It's nearly double the rate compared to the rest of the world.
It's no secret that a vast majority of drivers prefer automatic transmissions over three-pedal manuals. Even in the high-performance realm, dual-clutch gearboxes with automatic or electrically-operated manual gear changes have become the norm. Such systems can change gears faster than any human could hope to achieve, but still, there's a visceral connection for driving purists that comes from moving mechanical components by hand.
Perhaps it should be no surprise that a visceral vehicle like the Porsche 911 GT3 is well-suited for old-school manual shifting. The previous-generation 991.2 GT3 saw a six-speed manual return to the analog supercar, and boy did buyers respond. According to Porsche, 40 percent of those GT3 sales around the world featured the old-school stick versus the dual-clutch PDK, but that's not the big news. When you focus on just 991.2 GT3 sales in the US, the manual take-rate jumps to 70 percent. Average American drivers certainly want automatics, but for passionate GT3 owners, shifting cogs with a stick and clutch is the preferred choice by far.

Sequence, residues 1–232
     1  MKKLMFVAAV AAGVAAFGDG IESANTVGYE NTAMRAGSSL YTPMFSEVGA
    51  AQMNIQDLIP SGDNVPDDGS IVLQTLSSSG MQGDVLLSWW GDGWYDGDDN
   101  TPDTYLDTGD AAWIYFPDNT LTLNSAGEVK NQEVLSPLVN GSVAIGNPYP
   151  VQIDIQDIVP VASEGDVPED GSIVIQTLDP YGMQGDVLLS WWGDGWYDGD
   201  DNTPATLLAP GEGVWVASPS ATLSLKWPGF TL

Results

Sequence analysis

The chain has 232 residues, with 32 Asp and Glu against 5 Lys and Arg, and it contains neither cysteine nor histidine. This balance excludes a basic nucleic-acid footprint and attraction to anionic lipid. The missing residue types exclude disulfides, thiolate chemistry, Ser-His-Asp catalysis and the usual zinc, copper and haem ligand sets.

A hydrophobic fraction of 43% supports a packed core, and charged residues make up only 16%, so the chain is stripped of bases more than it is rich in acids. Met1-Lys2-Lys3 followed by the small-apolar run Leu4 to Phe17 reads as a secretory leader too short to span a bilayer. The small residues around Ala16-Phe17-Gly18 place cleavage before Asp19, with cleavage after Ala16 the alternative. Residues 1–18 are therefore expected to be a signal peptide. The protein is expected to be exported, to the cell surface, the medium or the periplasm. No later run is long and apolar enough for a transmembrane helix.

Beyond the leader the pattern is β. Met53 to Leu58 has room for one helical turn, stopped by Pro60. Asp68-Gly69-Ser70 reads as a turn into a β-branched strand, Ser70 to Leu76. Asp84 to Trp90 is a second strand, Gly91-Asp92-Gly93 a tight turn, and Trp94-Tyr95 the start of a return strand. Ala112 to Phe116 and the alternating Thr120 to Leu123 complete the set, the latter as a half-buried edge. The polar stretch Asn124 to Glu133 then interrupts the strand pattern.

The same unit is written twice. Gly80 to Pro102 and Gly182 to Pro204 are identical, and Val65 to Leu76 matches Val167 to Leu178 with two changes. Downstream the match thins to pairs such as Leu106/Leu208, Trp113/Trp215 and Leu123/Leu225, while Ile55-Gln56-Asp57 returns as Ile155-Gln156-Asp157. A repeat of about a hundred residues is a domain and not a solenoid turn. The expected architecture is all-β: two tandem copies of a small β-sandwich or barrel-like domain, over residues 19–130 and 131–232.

Gallery: 2022 Porsche 911 GT3
We suspect those surprising stats contributed to Porsche's decision for a manual option in the new 992-generation GT3. The latest version of the track-focused 911 also retains its naturally aspirated 4.0-liter flat-six engine, spinning to a glorious 9,000 rpm and making 502 horsepower (374 kilowatts) in the process. It's virtually the same output as the previous GT3, but an upgraded double-wishbone suspension sees the rear-wheel-drive 911 lap the Nürburgring in just under seven minutes – 13 seconds quicker than its predecessor.
Will GT3 buyers continue loving the six-speed manual with the new model? Porsche isn't willing to speculate on such things at this time, but evidence certainly suggests there are many drivers craving such interaction behind the wheel. The new 911 GT3 reaches US dealerships this fall, so we might have a taste of manual-versus-PDK sales by the end of the year.